Prof Edwin Locke offers evidence-based HR Tips, taken from his newly edited Handbook of Principles of Organizational Behavior (Wiley, 2009).
by Prof Edwin Locke
ABOUT THE AUTHOR
Edwin A. Locke, Dean's Professor of Leadership and Motivation (Emeritus), Robert H. Smith School of Business. For more information please email Edwin at firstname.lastname@example.org .
Select on intelligence. (Chapter author Frank Schmidt). Intelligence or general mental ability (GMA), the capacity to grasp abstractions or concepts, is the single best predictor of performance on the job. A major reason is that GMA affects how much job knowledge people acquire and job knowledge affects job performance. GMA also has a direct effect on job performance, because problems can come up on the job that are not covered by previously acquired knowledge. These findings apply to all jobs although GMA is even more important in complex jobs. This does not mean that GMA is the only factor in job success. Other factors play a role such as mental health, rationality, motivation (e.g., effort), integrity, motivation, and personality.
Select on Conscientiousness and Emotional Stability (Chapter authors Murray Barrick and Michael Mount). These are the two personality traits in the “Big Five” that are most consistently related to beneficial outcomes. Conscientiousness refers to being dependable, hard working and achievement focused, whereas Emotional Stability refers to being non-anxious, secure and confident. These two traits have been found to be related to job performance, cooperative work behaviors, low turnover and absenteeism, effective leadership, lower accident risk, pro-health behaviors, job satisfaction, and organizational commitment. These traits add to what outcomes can be explained by GMA alone.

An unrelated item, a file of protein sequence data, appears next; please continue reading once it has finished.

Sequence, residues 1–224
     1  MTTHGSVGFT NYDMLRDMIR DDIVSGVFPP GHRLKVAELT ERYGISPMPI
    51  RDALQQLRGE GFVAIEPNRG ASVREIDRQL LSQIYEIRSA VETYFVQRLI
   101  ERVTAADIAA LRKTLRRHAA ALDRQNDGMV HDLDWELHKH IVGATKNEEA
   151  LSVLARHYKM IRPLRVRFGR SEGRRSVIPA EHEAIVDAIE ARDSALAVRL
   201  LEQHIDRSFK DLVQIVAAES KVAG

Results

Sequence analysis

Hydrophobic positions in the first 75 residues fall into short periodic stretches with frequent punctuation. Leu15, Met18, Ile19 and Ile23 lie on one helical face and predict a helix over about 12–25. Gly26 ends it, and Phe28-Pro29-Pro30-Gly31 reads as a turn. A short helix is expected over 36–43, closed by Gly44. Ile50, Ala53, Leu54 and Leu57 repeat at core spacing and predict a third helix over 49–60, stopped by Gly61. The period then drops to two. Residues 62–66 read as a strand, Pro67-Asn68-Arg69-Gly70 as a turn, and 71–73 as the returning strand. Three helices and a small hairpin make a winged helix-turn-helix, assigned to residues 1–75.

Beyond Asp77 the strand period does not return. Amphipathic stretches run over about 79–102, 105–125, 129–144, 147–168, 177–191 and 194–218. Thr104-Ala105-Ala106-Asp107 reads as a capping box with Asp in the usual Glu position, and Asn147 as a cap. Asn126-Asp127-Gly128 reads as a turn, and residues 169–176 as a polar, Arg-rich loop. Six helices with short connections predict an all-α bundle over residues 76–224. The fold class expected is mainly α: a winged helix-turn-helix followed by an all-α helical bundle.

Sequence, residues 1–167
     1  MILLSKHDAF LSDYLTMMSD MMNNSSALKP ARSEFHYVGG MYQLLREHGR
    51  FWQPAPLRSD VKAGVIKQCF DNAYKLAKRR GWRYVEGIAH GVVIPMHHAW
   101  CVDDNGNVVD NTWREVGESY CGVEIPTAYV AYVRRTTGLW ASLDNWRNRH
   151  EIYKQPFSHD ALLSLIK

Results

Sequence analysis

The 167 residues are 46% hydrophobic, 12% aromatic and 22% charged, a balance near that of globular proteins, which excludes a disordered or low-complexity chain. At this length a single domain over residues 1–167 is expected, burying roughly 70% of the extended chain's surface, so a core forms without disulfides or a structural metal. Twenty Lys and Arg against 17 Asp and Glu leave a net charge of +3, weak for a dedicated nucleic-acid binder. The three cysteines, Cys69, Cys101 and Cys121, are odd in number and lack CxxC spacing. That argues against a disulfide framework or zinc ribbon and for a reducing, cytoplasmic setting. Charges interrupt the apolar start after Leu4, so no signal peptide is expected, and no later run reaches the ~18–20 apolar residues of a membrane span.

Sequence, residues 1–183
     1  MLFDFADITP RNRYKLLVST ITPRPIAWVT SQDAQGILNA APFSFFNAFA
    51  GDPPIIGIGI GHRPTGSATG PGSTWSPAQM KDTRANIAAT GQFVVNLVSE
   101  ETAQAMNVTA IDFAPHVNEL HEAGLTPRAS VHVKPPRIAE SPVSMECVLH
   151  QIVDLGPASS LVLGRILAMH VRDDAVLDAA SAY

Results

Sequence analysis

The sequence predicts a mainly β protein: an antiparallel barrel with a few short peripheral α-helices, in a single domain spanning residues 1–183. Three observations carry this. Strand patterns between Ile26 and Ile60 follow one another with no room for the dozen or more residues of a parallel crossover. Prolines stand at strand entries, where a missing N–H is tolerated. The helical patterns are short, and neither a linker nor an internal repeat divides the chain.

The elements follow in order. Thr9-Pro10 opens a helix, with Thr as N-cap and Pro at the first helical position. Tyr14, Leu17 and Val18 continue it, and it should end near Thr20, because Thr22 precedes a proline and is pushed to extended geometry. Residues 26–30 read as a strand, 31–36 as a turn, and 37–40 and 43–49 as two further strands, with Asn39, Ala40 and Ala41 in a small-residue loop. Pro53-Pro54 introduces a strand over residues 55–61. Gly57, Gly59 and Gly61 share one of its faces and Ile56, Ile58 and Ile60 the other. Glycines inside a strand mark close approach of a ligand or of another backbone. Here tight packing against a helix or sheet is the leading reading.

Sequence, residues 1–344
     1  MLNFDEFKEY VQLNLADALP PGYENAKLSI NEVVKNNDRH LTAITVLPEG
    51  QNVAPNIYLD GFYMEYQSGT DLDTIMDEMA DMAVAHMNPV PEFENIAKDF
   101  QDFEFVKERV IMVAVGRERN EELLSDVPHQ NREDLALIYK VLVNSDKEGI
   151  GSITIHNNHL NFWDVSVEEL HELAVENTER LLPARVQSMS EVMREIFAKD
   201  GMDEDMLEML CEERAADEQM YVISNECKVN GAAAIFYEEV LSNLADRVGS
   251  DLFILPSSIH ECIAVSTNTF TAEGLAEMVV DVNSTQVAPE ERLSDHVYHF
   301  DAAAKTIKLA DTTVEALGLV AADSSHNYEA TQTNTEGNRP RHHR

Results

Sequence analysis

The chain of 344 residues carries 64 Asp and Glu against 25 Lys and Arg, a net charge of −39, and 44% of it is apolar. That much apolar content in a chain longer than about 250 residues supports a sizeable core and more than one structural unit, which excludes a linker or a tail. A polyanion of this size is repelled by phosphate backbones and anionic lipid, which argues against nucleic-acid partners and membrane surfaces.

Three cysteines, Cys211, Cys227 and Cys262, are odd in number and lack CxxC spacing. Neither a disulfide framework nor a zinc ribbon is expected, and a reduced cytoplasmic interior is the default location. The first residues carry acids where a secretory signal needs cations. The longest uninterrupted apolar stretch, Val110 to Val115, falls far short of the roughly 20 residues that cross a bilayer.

Use Structured Interviews to Recruit and Hire the Best People (Chapter author Cindy Stevens). Such interviews have to be carefully planned and the procedures are explained in this chapter. These work consistently better than unstructured interviews by greatly reducing the subjectivity that the latter type of interview typically involves. Such interviews can provide information about applicants that supplements what can be found with GMA and personality tests. Structured interviews may also project professionalism which can aid recruiting.
Design Training Systematically (Chapter by Eduardo Salas and Kevin Stagle). Training is an enormous field and organizations spend trillions of dollars on it annually. Unfortunately a lot of the money is wasted, because people are often trained to do the wrong things and/or in the wrong way. Effective training has to start with identifying training needs and then identifying performance requirements. The context in which training takes place has to be understood and methods have to be used that will insure the trainees actually acquire the needed skills and that the latter are actually used on the job. Finally, training effectiveness needs to be evaluated, especially in terms of whether it improves job performance.
Use Performance Appraisals to Improve Performance (Chapter by Maria Rotundo). Performance appraisals are widely used in organizations but more often than not they do not serve to improve performance. One reason is that prior job performance is not assessed accurately. Accuracy requires that performance be observed frequently and recorded. Further, there need to be multiple sources of performance feedback, including from the employee being assessed (i.e., self-assessment). In addition, performance needs to be assessed in terms of behaviors, not just outcomes. Behaviors are what cause performance outcomes, but not the only cause; outcomes may be less in the employee’s control than behaviors. Effective performance appraisals also need to involve setting goals for the future and coaching of the employees.